History of Ohio: Covering the Periods of Indian, French and British Dominion, the Territory Northwest, and the Hundred Years of Statehood (Google eBook)

Front Cover
Northwestern Historical Association, 1902 - Ohio - 425 pages
0 Reviews
  

What people are saying - Write a review

We haven't found any reviews in the usual places.

Related books

Common terms and phrases

Popular passages

Page 302 - A house divided against itself cannot stand." I believe this Government cannot endure permanently half slave and half free. I do not expect the Union to be dissolved, I do not expect the house to fall, but I do expect it will cease to be divided. It will become all one thing, or all the other. Either the opponents of slavery will arrest the further spread of it, and place it where the public mind shall rest in the belief that it is in the course of ultimate extinction; or its advocates will push...
Page 403 - It shall be the duty of the Legislature to provide for the organization of cities and incorporated villages, and to restrict their power of taxation, assessment, borrowing money, contracting debts, and loaning their credit, so as to prevent abuses in assessments and in contracting debt by such municipal corporations...
Page 51 - The supplicating tears of the women and moving petitions of the men melt me into such deadly sorrow, that I solemnly declare, if I know my own mind, I could offer myself a willing sacrifice to the butchering enemy, provided that would contribute to the people's ease.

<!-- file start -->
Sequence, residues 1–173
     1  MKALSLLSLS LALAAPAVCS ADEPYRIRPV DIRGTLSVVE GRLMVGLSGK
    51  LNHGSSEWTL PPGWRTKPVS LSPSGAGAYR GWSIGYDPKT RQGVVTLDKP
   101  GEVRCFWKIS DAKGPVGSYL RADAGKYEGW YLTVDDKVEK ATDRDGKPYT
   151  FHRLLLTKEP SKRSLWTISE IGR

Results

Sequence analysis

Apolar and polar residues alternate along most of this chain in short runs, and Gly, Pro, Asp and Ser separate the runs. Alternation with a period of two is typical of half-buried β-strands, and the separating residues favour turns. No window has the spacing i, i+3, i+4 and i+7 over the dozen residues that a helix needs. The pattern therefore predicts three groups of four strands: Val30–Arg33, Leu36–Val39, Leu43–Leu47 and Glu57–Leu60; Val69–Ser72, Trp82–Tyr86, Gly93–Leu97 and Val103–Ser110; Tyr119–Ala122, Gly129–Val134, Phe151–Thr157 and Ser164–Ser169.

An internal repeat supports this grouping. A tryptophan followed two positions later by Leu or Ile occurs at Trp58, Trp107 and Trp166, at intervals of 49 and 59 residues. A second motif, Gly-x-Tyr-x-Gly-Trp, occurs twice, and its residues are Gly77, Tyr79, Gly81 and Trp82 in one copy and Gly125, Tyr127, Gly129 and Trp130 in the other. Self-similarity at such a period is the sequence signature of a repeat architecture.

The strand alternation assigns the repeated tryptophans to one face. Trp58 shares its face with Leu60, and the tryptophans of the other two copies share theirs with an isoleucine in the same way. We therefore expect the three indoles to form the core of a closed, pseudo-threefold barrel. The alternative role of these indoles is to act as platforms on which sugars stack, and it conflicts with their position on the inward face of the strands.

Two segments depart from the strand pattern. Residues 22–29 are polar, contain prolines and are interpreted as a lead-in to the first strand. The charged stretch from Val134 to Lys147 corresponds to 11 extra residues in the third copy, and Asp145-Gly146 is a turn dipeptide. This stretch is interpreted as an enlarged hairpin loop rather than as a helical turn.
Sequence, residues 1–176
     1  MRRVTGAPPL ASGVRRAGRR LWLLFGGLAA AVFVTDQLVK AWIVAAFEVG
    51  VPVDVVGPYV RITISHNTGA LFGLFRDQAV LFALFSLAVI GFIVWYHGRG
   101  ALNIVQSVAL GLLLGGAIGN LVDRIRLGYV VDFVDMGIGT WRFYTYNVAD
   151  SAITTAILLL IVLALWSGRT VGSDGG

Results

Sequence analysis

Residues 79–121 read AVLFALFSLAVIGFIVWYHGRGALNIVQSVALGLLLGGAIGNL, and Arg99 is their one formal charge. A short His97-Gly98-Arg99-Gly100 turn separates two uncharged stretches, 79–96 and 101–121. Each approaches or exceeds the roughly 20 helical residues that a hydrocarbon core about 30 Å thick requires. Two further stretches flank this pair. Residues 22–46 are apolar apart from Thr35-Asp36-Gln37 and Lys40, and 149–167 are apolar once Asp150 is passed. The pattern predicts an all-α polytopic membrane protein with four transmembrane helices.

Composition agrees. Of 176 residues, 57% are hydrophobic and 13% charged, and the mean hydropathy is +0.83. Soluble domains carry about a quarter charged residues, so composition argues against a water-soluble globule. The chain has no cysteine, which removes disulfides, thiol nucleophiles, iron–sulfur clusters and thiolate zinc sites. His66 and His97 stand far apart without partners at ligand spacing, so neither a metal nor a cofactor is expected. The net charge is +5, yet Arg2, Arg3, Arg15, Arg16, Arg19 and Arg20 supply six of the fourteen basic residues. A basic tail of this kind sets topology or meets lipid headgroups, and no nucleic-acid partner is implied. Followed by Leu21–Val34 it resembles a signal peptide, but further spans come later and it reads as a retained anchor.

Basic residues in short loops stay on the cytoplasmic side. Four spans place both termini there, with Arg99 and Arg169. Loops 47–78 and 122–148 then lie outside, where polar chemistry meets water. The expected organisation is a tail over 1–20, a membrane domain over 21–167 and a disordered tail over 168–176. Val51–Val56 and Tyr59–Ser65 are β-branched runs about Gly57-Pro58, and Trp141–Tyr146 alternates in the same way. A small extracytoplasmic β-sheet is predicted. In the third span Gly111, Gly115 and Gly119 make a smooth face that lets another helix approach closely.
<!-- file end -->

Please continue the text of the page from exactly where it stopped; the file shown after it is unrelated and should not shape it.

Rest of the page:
Page 115 - And, in the just preservation of rights and property, it is understood and declared that no law ought ever to be made or have force in the said Territory that shall, in any manner whatever, interfere with or affect private contracts, or engagements, bona fide, and without fraud previously formed.
Page 113 - That the following articles shall be considered as articles of compact between the original states, and the people and states, in the said territory, and forever remain unalterable, unless by common consent, to wit: ARTICLE I.
Page 385 - ... what bitter rending of sweet household ties! Behind him a proud expectant nation; a great host of sustaining friends ; a cherished and happy mother, wearing the full, rich honors of her early toil and tears; the wife of his youth, whose whole life lay in his ; the little boys not yet emerged from childhood's...
Page 338 - At the same time, your nominee for governor, in whose behalf you appeal, is known to you, and to the world, to declare against, the use of an army to suppress the rebellion. Your own attitude, therefore, encourages desertion, resistance to the draft, and the like, because it teaches those who incline to desert and to escape the draft to believe it is your purpose to protect them, and to hope that you will become strong enough to do so.
Page 79 - There runs not a drop of my blood in the veins of any living creature. This called on me for revenge. I have sought it : I have killed many : I have fully glutted my vengeance. For my country I rejoice at the beams of peace. But do not harbor a thought that mine is the joy of fear.
Page 114 - Never, probably, in the history of the world, did a measure of legislation so accurately fulfill, and yet so mightily exceed the anticipations of the legislators. The ordinance has well been described as having been a pillar of cloud by day and of fire by night in the settlement and government of the northwestern states.
Page 216 - Niagara, gallantly into close action; I immediately went on board of her, when he anticipated my wish by volunteering to bring the schooners, which had been kept astern by the lightness of the wind, into close action.

Bibliographic information